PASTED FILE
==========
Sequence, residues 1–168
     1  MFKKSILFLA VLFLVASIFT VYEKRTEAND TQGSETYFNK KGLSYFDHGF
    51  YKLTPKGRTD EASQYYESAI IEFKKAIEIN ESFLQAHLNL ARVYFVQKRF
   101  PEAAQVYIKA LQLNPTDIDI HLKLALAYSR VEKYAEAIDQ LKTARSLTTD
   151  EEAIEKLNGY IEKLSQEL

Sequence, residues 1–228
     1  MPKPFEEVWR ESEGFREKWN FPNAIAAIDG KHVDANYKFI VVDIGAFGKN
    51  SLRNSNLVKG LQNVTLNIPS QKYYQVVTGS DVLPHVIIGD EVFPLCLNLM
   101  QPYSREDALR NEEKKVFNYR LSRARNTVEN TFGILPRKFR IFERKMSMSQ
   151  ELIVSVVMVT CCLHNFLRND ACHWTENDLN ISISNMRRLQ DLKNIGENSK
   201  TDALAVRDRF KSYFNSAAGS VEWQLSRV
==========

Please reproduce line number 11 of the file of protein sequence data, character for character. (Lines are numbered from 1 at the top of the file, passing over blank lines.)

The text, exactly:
   201  TDALAVRDRF KSYFNSAAGS VEWQLSRV